A: It is quite easy to make new friends in Bangkok. There is a lot of social and meet up groups. Meeting new people isn’t a problem here. But the problem is that most expats don’t stay in Thailand for too long. And our circle of friends changes quite a lot every year.


Q: How does the cost of living in Thailand compare to your home?

A: The cost of living in Thailand is higher than in the Czech Republic. I can find cheaper things in Thailand than in the Czech Republic sometimes. But if I want the same quality of living it is much more expensive in Thailand. 

  • Q: How much is a cup of coffee?

A:  $ 1.40 - 3.40.

  • Q: How much is a meal in an inexpensive restaurant?

A: On the street from $1. Inside inexpensive restaurant around $3.50.

  • Q: How much is a meal in an expensive restaurant?

A: There are meals from $10 to $30 in expensive restaurants. Restaurants are usually much much cheaper here than in Europe.

  • Q: How much is a bottle of wine? How about a pack of cigarettes?

A: Wine is expensive in Thailand. There is a big import tax on alcohol. The cheapest bottle of wine in a shop will not be under $20 (the cost of the same bottle in a different country would be around $6). Better wine would be around $42. 

On the other hand, cigarettes are cheap in Thailand. From $2.40 for a box.


Q: Do you have any tips for future expats when it comes to opening a bank account in Thailand?

A: Usually you need to have a work permit to be able to open a bank account in Thailand. But some banks let tourists open a bank account as well. A different branch of the same bank will give you a different answer regarding the opening of the bank account with them without the work permit.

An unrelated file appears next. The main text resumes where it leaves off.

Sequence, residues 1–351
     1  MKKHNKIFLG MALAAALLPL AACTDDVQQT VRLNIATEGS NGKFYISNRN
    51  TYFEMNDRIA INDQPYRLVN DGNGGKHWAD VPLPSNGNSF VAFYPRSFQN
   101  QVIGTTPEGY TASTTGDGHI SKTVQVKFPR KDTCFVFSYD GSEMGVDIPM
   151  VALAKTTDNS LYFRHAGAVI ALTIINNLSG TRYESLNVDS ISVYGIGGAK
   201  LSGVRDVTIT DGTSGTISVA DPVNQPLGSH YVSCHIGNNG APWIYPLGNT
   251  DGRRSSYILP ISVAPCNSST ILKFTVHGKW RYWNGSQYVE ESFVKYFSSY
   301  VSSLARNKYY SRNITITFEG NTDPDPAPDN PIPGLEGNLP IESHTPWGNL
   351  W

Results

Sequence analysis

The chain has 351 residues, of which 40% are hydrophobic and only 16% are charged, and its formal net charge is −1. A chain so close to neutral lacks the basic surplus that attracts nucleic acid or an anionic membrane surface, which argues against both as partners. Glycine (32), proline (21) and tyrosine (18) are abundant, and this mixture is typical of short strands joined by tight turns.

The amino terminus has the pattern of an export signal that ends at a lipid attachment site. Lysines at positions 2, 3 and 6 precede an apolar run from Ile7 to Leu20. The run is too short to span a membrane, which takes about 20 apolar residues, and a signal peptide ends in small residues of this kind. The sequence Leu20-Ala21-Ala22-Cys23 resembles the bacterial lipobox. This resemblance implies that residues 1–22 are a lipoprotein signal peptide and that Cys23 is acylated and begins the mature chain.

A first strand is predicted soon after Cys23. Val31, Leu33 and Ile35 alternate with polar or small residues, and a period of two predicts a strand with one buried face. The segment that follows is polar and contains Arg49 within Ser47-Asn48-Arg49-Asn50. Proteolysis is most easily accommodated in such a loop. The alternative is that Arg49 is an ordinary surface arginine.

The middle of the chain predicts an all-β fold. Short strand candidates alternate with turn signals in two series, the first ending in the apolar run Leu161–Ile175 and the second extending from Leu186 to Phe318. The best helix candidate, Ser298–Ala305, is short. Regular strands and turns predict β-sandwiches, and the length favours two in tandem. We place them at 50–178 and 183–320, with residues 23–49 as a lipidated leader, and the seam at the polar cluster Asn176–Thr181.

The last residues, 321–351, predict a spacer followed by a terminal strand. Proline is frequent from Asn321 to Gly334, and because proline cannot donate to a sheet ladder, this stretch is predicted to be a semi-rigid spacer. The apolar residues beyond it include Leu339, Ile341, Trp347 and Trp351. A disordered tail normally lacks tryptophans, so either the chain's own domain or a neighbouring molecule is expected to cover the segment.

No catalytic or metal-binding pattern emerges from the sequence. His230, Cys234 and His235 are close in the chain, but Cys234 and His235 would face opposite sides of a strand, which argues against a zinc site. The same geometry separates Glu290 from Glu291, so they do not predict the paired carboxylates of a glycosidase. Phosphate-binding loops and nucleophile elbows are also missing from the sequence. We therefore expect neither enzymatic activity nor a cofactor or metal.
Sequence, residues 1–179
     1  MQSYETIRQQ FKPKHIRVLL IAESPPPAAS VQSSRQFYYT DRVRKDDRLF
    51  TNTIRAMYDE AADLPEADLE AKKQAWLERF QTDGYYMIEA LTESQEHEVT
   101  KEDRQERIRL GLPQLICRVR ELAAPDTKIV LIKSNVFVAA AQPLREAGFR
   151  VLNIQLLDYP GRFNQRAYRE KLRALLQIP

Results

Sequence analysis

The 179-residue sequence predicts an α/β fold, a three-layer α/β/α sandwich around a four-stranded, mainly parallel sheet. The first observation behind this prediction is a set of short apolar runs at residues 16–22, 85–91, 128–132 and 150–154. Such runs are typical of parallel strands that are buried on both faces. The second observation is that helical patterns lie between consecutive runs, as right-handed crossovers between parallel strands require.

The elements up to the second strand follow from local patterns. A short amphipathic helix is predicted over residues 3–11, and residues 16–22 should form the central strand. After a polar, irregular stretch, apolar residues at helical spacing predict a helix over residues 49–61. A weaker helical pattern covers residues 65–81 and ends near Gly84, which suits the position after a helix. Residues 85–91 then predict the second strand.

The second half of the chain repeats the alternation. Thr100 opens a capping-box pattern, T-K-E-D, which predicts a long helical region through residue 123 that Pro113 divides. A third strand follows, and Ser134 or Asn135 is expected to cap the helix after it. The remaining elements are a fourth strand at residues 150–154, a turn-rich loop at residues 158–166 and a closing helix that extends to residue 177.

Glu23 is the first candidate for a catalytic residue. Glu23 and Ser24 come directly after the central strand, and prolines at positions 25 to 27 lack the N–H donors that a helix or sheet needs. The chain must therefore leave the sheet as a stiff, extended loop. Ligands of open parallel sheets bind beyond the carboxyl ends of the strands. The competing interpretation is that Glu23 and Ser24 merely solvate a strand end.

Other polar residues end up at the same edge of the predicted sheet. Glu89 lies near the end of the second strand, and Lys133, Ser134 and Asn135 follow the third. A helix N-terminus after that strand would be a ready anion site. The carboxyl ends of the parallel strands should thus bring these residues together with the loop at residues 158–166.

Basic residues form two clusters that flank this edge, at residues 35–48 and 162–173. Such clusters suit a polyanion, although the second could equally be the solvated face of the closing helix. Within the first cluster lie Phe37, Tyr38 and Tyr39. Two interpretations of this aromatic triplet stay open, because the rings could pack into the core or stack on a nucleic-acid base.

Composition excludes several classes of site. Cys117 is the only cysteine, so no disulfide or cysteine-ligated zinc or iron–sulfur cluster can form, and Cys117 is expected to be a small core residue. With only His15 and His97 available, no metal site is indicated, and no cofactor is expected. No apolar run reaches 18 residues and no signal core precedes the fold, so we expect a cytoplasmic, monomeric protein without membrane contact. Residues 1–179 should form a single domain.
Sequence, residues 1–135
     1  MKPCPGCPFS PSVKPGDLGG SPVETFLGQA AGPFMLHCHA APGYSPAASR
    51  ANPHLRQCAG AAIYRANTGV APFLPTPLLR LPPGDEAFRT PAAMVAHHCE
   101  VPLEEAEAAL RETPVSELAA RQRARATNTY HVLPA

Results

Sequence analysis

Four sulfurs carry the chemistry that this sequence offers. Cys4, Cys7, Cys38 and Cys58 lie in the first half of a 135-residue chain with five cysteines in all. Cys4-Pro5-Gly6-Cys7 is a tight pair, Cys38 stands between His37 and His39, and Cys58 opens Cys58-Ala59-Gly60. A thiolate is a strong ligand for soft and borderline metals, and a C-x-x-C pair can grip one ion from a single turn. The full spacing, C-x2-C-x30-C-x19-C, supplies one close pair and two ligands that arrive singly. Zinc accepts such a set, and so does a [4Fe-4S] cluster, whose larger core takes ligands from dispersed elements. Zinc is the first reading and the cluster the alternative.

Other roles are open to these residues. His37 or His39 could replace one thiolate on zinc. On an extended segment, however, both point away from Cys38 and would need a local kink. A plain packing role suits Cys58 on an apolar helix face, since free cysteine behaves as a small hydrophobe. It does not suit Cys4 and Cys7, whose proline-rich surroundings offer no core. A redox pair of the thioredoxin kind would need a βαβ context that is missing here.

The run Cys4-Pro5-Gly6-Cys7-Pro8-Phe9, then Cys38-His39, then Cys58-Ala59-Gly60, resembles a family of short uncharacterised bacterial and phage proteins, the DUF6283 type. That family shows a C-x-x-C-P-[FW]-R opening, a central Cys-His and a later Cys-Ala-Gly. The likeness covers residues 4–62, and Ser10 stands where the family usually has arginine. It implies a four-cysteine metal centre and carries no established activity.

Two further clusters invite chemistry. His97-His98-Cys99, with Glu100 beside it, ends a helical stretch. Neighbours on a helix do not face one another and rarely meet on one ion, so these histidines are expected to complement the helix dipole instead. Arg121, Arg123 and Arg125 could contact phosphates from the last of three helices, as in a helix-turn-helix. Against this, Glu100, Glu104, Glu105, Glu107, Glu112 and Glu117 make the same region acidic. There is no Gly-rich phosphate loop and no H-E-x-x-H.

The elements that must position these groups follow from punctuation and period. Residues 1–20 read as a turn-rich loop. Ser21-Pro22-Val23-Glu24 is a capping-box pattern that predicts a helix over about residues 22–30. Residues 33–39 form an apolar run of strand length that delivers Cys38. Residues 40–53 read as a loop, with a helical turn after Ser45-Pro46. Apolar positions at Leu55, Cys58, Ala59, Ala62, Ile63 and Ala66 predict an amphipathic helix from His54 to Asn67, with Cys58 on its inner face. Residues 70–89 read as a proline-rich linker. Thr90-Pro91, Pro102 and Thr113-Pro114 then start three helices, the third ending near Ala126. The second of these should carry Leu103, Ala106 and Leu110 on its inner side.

I would suggest going to a bank in one of the biggest shopping malls in the city where they are used to foreigners. Try to ask them about their policy regarding foreigners opening a bank account. The first answer in Thai banks for almost anything seems to be “We cannot do it.”. But that is normal and don’t let that stop you and try to explain to them why you need the account. 

If the banks answer is still no just go to the next door bank and try it there. And eventually, one branch will say yes. It is easier to bring a Thai friend with you for things like that. 


Q: How will you describe your experience with government paperwork such as applications for Visa and work permits? Why is that so?

A: It is very time-consuming to take care of the visas and work permit. If you work for a bigger company they should usually take care of everything for you. Otherwise, it can be a nightmare and I suggest to get a lawyer who will help you with it. 


Q: Would you say that healthcare in Thailand is reliable? Any preferred clinics or advice for expats?

A: The quality of the big international hospitals is very good in Thailand. I went for an eye corrective surgery in Bangkok a few months ago and I’m very happy with the whole experience. 

But in the past, I felt in one Thai international hospital that they are more business minded than focused on the health. For all bigger health issues in Thailand, I would get at least 2 independent opinions before deciding on the treatment.